Hello, and happy Sunday! 🙂
I’ve been trying to really make a dent on the reading list I have, and have subsequently been spending a lot of time sitting in the corner of the children’s section of my local library. Hopefully I don’t look like a wierdo, despite spending my time browsing the picture books!
I’m currently working as a Teaching Assistant and I’m always praying I don’t bump into any students, as explaining why Miss is spending her free time reading ‘Handa’s Surprise’ on the floor, surrounded by books may be a little awkward.
None the less, I have been really enjoying this part of my course preparation. I always loved reading as a child, but found it less appealing the older I got…I’m not entirely sure why if I’m honest (I’m sure that’s something I’ll need to start reflecting on). I was a huge Jacqueline Wilson fan, and loved how she tackled difficult topics like divorce and bullying, making her stories real and relatable.
‘The Boy in the Dress’ David Walliams
I was so impressed with this book and can’t recommend it enough. I haven’t read anything else that touches on the topic of gender equality in children and I felt it was a story that needed to be told. It was funny, enjoyable and uplifting. During the short time I’ve worked in a school I’ve already come across situations where children in nursery may choose to wear non-stereotypical dressing up choices, (we have a boy who loves being Ariel or Cinderella) much to the confusion of other children. I loved how this story enforces the idea of being yourself, and that wearing a dress doesn’t dictate your other interests, your manliness/femininity, or your sexuality.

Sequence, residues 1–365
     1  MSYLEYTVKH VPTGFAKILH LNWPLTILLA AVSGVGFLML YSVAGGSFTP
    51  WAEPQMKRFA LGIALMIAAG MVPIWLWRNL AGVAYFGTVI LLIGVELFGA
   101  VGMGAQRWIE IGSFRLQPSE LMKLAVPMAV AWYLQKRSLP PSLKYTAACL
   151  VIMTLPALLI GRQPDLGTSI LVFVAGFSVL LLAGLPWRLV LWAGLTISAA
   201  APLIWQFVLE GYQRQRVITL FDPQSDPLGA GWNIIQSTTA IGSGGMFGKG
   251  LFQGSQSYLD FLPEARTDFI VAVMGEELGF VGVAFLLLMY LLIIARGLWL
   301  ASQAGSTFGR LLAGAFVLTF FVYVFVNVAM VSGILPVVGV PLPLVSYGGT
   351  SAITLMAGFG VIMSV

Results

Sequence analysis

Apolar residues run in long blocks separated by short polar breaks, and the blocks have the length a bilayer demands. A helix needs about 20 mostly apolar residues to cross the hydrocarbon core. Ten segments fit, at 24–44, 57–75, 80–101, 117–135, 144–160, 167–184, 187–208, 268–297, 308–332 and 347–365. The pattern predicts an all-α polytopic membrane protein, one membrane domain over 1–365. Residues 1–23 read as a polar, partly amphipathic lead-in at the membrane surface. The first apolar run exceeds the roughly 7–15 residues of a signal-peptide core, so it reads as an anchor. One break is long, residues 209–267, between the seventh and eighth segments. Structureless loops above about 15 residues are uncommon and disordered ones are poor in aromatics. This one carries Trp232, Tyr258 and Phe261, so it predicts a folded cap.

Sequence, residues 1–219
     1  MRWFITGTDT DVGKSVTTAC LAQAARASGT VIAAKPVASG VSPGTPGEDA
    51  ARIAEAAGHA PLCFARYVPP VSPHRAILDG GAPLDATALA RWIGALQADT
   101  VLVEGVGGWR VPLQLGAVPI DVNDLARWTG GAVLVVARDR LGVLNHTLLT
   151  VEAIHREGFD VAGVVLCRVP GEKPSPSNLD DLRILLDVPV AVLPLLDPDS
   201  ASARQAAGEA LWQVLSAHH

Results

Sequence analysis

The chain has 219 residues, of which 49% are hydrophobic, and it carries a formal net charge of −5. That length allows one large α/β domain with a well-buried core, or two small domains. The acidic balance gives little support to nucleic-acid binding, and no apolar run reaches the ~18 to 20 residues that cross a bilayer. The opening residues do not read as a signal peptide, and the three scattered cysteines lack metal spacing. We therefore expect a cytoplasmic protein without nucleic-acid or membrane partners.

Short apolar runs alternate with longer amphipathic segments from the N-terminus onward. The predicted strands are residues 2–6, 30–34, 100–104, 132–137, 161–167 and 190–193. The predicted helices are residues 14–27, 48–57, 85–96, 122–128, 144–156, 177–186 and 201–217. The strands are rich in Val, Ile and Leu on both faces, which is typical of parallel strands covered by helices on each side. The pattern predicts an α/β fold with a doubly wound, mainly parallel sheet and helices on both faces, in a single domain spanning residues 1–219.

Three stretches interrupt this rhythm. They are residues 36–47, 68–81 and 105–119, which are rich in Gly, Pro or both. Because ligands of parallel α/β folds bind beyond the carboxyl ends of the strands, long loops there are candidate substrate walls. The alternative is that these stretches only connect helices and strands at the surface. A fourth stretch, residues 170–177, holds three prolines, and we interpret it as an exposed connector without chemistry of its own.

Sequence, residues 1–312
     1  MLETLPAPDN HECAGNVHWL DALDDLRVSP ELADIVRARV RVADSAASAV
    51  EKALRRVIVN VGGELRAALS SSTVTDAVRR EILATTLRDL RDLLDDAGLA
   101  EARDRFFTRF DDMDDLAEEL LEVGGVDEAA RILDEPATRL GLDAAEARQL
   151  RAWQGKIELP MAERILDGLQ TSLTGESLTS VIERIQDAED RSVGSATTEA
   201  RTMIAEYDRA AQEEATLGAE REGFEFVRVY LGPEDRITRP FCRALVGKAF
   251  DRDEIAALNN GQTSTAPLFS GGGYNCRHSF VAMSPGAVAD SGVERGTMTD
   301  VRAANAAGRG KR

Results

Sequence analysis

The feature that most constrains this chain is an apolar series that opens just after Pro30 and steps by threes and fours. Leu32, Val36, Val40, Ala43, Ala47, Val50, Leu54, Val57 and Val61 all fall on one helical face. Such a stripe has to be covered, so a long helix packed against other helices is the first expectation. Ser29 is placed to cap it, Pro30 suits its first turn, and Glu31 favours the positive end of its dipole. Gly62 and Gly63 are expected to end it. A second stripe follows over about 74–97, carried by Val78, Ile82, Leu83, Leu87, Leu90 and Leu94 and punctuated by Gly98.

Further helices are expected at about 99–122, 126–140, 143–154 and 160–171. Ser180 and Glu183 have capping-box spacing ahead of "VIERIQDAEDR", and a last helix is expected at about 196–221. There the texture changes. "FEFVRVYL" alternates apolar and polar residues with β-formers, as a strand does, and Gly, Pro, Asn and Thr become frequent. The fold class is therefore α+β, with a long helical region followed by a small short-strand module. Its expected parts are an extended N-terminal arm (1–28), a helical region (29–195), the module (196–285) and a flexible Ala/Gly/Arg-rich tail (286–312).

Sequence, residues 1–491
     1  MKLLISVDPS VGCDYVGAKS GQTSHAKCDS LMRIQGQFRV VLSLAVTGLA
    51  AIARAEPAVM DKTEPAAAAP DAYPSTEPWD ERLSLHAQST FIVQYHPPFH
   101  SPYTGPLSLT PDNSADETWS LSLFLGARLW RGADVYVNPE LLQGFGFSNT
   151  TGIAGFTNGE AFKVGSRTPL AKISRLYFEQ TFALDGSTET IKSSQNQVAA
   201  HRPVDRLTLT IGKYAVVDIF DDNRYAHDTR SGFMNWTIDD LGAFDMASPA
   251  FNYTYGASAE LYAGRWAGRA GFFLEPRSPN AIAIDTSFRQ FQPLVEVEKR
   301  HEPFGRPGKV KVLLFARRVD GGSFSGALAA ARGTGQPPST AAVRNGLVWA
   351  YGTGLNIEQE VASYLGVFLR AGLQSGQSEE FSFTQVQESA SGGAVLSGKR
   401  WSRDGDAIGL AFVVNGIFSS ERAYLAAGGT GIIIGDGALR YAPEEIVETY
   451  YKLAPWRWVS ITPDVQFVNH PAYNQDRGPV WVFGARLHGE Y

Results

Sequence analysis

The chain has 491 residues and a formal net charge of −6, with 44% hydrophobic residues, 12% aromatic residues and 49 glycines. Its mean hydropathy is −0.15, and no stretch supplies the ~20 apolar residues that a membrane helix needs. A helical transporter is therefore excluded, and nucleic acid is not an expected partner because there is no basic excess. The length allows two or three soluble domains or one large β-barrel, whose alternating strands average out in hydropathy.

‘Mr Stink’ David Walliams
Despite also enjoying this book it was definitely second best to ‘The Boy in the Dress’. However it still had that unique hilarity you would expect from Walliams, and I think this made it more enjoyable for me as an adult. One thing I found very interesting was that it seems all of these books are based in the same town, despite all having different main characters that don’t link whatsoever. They all have the local corner shop in common and the friendly owner named Raj. I’m interested to read a few more of his books to see if this continues throughout. If so, this might be a fantastic geography lesson opportunity, where the children could map out the town in which all the books are set.
‘Lola Rose’ Jacqueline Wilson
I originally read this book when I was about 9, and was excited to re-read it and see how my opinion has changed. Wilson discusses some very difficult themes throughout the book (domestic violence, child neglect, low self esteem, anxiety and fear), and my adult brain at times didn’t want the younger me to have dealt with these topics. I think sometimes we want children to be sheltered from the difficulties in life, and rightly so, but for many children this is reality. Because of this, i think it’s important that such issues are addressed. Despite this I quickly fell in love with the book all over again and feel that the themes discussed where done so in an age appropriate way. The story was imaginative, the characters were likeable but realistic and I think it’s important children can relate to the books they read.
If you’ve read any of these books let me know what you think, and if you’ve got any recommendations for me I’d love to hear them.
Well I hope you all enjoy the rest of your weekend.
Katie a.k.a The Library Loiterer